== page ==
The State Department claimed that the suit may actually hurt progress on human rights in Indonesia. Indonesian human rights groups, however, fear that the State Department's letter will bolster and legitimize the Indonesian military's resistance to judicial scrutiny of abuses, especially in conjunction with the U.S. government's recent decision to resume limited military cooperation with Indonesia. Human Rights Watch has strongly criticized the resumption of U.S. military assistance because it could undermine efforts to strengthen civilian and judicial oversight of the military without clear conditions on human rights. (For more information see "The Indonesian Military and Ongoing Abuses," a Human Rights Watch backgrounder, July 2002 available here.
State Department Undercuts Indonesian Peace, Judiciary
The State Department's efforts to influence the case also undercuts credibility of U.S. efforts to promote an independent judiciary in Indonesia that is free of political interference. Ironically, when a suit by the Karaha Bodas Company, a joint-venture of two U.S. firms, against the Indonesia state energy firm, Pertamina, came up in talks with his counterpart last week in Jakarta, Colin Powell reportedly explained that the U.S. government does not interfere with ongoing court cases.
Two weeks before the State Department sent its opinion to Judge Oberdorfer, Indonesia's Ambassador to the U.S., Soemadi DM Brotodiningrat, sent a strongly worded letter objecting to the lawsuit to Richard L. Armitage, the U.S. Deputy Secretary of State. Chillingly, the Ambassador noted that the lawsuit "will definitely compromise the serious efforts of the Indonesian government to guarantee the safety of foreign investments, including in particular those from the United States."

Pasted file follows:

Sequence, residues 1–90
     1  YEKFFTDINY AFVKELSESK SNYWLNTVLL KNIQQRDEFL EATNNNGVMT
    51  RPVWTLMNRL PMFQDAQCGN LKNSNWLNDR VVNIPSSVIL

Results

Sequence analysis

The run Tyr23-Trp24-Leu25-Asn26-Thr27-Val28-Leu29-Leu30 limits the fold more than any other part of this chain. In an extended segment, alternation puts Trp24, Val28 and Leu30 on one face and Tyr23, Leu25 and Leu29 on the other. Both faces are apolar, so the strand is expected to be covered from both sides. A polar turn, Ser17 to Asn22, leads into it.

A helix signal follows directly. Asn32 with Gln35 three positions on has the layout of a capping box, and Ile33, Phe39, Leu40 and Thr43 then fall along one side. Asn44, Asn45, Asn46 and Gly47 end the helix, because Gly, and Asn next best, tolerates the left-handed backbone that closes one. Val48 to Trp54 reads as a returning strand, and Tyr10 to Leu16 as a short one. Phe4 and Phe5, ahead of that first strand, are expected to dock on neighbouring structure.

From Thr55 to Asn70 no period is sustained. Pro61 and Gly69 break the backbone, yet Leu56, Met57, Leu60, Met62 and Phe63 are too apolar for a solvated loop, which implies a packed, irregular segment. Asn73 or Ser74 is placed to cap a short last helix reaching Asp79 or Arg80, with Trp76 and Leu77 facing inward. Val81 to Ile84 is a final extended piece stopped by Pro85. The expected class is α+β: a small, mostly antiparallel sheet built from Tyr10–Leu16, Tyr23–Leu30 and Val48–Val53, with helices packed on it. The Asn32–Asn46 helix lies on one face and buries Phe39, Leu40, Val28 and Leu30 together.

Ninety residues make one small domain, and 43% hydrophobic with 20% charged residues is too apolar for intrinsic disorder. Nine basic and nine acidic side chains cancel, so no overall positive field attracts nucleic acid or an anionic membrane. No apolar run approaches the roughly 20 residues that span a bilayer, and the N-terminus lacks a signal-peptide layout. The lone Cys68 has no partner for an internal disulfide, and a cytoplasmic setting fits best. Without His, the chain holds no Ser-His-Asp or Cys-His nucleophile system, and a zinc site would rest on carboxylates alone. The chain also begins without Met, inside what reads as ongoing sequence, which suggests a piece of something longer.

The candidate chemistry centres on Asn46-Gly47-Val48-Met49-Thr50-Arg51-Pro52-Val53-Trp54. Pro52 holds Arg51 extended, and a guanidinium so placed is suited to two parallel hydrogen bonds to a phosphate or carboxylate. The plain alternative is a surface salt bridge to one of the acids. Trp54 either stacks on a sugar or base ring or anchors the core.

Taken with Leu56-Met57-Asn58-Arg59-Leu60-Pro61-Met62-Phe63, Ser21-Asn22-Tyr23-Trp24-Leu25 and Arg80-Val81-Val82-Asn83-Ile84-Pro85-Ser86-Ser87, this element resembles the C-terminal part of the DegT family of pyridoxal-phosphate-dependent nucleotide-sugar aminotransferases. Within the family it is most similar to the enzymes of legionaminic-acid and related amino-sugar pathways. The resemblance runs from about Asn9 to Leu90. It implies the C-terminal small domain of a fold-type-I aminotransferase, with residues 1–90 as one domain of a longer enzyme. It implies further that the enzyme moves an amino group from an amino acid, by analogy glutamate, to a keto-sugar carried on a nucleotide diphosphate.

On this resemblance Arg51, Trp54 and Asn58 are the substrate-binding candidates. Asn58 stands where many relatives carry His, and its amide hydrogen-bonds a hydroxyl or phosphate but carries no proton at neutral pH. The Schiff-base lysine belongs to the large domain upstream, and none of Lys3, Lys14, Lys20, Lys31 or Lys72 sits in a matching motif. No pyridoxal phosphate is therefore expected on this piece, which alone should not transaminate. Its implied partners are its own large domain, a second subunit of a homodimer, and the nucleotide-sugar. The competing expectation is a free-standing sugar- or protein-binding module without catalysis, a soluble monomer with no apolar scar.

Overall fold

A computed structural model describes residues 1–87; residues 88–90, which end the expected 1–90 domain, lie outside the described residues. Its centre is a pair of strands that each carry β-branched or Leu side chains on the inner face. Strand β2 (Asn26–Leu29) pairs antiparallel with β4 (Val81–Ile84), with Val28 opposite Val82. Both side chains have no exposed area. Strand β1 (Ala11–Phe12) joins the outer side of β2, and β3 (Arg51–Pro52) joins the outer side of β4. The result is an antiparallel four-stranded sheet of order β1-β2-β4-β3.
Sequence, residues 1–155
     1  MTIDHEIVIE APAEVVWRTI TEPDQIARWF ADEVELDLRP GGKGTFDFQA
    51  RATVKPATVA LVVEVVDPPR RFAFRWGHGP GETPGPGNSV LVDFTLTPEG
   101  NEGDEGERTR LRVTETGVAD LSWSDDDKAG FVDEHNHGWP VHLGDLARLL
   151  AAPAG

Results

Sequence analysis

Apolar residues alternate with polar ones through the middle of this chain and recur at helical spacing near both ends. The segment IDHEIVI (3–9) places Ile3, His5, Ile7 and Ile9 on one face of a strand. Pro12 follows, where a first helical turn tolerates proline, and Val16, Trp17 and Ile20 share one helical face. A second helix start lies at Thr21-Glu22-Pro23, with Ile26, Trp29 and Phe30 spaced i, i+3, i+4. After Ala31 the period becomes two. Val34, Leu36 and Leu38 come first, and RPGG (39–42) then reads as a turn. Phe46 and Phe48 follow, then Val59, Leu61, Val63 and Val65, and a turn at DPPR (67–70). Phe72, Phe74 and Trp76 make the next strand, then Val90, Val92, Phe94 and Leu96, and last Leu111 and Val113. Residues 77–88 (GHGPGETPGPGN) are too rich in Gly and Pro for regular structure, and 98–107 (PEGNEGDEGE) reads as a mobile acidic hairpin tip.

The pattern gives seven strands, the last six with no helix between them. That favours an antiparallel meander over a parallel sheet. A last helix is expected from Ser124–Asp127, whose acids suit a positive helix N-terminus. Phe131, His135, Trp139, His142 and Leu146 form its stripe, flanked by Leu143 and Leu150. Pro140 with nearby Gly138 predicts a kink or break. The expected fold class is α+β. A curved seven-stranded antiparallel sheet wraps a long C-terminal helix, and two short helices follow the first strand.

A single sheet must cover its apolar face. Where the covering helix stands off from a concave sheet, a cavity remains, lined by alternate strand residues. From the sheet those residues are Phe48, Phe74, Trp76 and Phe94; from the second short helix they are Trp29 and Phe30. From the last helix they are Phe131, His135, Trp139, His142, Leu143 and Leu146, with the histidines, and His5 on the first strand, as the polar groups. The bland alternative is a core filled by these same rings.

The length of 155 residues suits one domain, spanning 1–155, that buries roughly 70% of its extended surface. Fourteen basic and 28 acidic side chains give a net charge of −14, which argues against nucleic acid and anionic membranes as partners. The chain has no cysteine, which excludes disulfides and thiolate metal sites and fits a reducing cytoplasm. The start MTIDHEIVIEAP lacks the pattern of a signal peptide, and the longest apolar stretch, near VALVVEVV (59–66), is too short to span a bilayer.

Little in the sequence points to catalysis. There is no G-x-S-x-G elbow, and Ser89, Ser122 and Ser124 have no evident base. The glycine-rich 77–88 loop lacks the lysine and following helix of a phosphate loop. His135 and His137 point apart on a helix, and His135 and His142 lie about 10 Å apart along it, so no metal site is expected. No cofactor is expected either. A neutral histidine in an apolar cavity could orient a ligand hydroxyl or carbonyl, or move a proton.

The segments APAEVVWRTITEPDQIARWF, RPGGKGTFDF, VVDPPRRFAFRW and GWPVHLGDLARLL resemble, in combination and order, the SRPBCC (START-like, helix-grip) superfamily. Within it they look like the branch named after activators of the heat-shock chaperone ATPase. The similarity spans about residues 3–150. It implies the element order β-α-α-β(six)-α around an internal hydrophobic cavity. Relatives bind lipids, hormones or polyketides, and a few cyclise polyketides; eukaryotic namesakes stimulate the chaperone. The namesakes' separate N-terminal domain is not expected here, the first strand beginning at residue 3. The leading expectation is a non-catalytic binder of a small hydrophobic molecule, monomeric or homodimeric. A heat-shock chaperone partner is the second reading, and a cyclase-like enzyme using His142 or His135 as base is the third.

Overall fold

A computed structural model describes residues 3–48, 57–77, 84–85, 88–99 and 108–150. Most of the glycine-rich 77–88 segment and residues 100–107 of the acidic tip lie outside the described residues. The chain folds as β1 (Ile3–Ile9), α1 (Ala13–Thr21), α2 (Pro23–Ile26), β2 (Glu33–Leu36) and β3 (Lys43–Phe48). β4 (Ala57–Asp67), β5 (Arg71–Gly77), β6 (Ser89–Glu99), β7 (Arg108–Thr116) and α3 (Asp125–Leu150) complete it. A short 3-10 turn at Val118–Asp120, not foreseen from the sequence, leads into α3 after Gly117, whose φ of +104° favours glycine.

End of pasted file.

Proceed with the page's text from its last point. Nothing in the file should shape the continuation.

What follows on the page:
The ambassador's letter also warned that the suit would have an adverse impact on peace talks in Aceh that are "at an extremely sensitive and delicate stage." However, the Indonesian security forces have increased military operations, proposed martial law, and arrested Acehnese peace negotiators since those negotiations began.
"Instead of condemning the Indonesian government's threats against American investors and the Aceh peace process, the State Department has apparently buckled to them," Roth said.
In late June 2002, Exxon Mobil notified the State Department that it had joined the Voluntary Principles on Security and Human Rights program that began in 2000 and has been adopted by both the Clinton and Bush administrations. The program was developed by the State Department in conjunction with the British Foreign and Commonwealth Office, the Dutch Ministry of Foreign Affairs, multinational oil and mining companies, and human rights organizations, including Human Rights Watch. According to the State Department, the program is designed to "guide Companies in maintaining the safety and security of their operations within an operating framework that ensures respect for human rights and fundamental freedoms."
"It is the height of hypocrisy for the State Department to publicly promote human rights principles for the oil and gas industry and then tell a judge that scrutiny of an oil company's human rights record runs counter to foreign policy," said Roth. "Apparently, principles only matter when they don't matter."